If you’re using a DR Leaf and Lawn Vac for cleaning your lawn, you’ll want to clear away anything that’s too large for it to pick up. While pine cones, gum tree balls, nuts, and small sticks will be picked up without a problem, large branches should be cleared away beforehand.

LLV2 Premier Oct 2014-353. Uncover flowerbeds and shrubs.

If you’re raking, be sure to get right up close to trees, shrubs, hedges, and fully clean out flower beds. If using a leaf vac, we recommend the Vacuum Hose, which attaches easily to your machine and allows you to vacuum hard-to-reach spots. Debris left in flowerbeds and around shrubs can stunt growth and foster disease.

4. Tidy hard surfaces.

Walkways, driveways, trails, and other non-lawn surfaces need some spring cleaning, too! Vacuum debris from walkways and trails and rake displaced gravel back on to driveways and roads.

5. Don’t forget window wells!

While you’re vacuuming the lawn, clean out window wells and other nooks and crannies around the house. The result will be better-looking and you won’t worry about mold or other disease festering so close to your foundation.

6. Get rid of thatch build-up.

Thatch is dead grass blades and other small weeds that collect on top of the soil, at the base of the living grass blades. If the build-up gets thick enough, it can choke your lawn by restricting the flow or air and water to the soil. Spring is a perfect time to remove thatch for the summer growing season. Depending on how much thatch build-up you have, a leaf vacuum may be all you need to clear it. For particularly thick build-up, a rake or dethatcher may be required.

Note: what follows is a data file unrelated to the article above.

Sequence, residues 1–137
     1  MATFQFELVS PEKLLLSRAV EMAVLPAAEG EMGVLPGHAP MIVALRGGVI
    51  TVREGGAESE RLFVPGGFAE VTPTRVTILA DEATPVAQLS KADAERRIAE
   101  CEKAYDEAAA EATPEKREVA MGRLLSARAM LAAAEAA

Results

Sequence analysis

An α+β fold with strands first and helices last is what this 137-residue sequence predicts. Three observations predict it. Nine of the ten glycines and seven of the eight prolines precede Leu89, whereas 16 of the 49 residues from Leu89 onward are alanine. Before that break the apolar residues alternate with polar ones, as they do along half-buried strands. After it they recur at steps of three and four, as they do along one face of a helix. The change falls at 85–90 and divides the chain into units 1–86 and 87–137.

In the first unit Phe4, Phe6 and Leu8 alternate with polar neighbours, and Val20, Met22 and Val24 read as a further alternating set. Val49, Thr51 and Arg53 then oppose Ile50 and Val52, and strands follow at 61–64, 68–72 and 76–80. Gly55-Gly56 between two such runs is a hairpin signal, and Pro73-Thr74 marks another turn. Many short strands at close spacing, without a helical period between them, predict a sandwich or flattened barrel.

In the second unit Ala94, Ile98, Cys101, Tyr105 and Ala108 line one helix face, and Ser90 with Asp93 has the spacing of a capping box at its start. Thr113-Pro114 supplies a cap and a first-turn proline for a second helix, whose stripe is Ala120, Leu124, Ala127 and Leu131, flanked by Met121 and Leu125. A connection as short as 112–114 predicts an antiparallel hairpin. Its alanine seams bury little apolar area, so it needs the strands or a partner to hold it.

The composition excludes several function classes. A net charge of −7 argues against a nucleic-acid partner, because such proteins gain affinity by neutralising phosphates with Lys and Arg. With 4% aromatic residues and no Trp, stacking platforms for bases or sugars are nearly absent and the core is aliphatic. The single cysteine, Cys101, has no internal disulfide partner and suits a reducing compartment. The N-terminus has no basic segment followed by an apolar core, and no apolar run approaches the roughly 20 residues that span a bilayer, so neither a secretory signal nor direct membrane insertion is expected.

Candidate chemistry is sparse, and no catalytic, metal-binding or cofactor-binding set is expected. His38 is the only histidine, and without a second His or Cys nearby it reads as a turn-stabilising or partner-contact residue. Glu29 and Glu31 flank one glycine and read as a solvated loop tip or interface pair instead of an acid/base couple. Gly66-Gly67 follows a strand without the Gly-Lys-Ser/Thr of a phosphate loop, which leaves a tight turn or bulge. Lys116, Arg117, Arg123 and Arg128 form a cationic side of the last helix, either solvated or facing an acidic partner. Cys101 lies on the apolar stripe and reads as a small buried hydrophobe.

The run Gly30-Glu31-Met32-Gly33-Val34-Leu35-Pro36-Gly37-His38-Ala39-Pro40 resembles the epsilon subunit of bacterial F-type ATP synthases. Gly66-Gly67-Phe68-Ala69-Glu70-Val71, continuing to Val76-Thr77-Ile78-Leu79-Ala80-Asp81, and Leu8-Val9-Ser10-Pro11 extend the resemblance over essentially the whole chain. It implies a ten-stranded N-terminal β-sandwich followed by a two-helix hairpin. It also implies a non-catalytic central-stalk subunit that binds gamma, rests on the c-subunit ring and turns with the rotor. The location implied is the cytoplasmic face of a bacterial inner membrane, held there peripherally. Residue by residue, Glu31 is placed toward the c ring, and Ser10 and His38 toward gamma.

7. Clear snow mold.LLV2-Premier-Oct-2014-68

Snow mold often appears on your lawn after the winter if leaves or other debris is left on the grass before winter hits. Usually it looks like dry, brown patches of matted dead grass, and may have a pinkish hue. The best way to get rid of it is to gently loosen it with a rake, then vacuum up the dead debris with your lawn vac.

8. Compost it!

After you’ve finished cleaning the lawn, compost the waste material! Once it’s broken down, it will be a great way to improve your soil structure and return vital nutrients to your garden. For larger waste, consider shredding it to a fine mulch with a chipper/shredder. Luckily, if you’ve used the DR Leaf and Lawn Vac, your leftovers will already be shredded to an easy-to-decompose mulch.